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Wash. Rev. Code § 11.92.043

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Additional duties

Guardians have the duty to “provide timely, informed consent for health care of the incapacitated person.”

Limited guardians may only provide informed consent for health care if the order establishing the limited guardianship authorizes such power.

Standby guardians or limited standby guardians may provide informed consent “if the guardian or limited guardian cannot be located within four hours after the need of such consent arises.”

A guardian, limited guardian, or standby guardian must comply with the involuntary commitment procedures in order to involuntarily commit an individual that is “unable or unwilling to give informed consent.”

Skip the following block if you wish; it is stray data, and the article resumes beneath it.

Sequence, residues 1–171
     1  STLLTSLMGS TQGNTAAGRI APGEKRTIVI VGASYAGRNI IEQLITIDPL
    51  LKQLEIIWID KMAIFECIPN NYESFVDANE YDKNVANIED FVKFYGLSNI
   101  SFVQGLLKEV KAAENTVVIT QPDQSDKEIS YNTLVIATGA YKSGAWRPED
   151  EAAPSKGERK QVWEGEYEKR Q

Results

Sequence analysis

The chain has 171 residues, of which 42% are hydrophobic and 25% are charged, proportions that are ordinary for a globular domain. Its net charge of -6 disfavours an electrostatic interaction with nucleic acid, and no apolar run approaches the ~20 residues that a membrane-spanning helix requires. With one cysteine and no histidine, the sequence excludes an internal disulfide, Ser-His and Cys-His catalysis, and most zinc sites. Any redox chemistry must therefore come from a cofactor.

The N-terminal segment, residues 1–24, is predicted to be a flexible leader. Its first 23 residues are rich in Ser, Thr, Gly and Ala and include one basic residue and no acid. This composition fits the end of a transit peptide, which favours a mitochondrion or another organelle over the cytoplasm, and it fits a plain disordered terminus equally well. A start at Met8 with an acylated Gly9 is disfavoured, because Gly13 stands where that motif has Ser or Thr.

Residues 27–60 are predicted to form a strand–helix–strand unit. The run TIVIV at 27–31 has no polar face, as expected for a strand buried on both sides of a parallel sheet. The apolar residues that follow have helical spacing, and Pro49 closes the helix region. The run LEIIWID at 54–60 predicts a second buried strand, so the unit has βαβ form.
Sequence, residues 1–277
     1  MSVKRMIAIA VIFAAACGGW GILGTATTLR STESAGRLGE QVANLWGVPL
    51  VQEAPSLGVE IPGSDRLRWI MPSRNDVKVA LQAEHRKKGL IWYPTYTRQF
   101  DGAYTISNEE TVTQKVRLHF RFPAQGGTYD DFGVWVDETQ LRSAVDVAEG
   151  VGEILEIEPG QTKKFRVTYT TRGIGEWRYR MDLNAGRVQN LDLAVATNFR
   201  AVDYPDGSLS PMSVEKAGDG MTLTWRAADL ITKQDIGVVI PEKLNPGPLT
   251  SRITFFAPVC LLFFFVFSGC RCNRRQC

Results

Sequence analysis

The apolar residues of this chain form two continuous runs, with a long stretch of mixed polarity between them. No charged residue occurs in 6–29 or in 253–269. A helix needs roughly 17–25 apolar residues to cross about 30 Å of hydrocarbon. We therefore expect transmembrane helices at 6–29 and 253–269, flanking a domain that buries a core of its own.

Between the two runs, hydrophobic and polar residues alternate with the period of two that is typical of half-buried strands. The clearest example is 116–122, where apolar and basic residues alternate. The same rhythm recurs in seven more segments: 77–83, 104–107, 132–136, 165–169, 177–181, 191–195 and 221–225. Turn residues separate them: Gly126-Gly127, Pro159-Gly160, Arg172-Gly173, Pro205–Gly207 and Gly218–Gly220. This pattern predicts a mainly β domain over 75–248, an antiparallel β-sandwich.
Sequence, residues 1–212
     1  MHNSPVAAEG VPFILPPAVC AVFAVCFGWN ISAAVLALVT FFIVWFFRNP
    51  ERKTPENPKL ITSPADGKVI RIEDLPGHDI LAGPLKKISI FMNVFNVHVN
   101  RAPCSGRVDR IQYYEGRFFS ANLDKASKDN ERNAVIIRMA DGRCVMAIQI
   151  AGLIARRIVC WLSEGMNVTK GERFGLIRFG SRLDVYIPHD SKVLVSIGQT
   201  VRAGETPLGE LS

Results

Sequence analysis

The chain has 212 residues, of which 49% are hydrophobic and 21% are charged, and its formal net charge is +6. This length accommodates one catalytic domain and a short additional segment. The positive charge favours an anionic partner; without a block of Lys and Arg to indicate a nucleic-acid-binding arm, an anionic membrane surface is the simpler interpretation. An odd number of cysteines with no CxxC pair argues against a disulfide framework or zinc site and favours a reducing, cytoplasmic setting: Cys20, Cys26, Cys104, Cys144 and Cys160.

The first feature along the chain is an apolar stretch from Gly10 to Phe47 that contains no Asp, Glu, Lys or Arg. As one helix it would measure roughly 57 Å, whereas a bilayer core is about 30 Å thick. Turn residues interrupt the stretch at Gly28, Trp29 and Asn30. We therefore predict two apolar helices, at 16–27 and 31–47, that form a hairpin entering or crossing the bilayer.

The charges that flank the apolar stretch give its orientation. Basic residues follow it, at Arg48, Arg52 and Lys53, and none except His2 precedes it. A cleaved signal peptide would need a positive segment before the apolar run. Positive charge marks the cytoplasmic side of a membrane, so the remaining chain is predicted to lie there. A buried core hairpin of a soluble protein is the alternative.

Guardians, limited guardians, and standby guardians may not provide informed consent for procedures which will induce convulsions, “surgery solely for the purpose of psychosurgery,” or any procedure that will “restrict physical freedom of movement” or infringe on the rights of involuntarily committed persons. However, guardians, limited guardians, and standby guardians may obtain court authorization for such procedures if they believe the “procedures are necessary for the proper care and maintenance of the incapacitated person.”

Current as of June 2015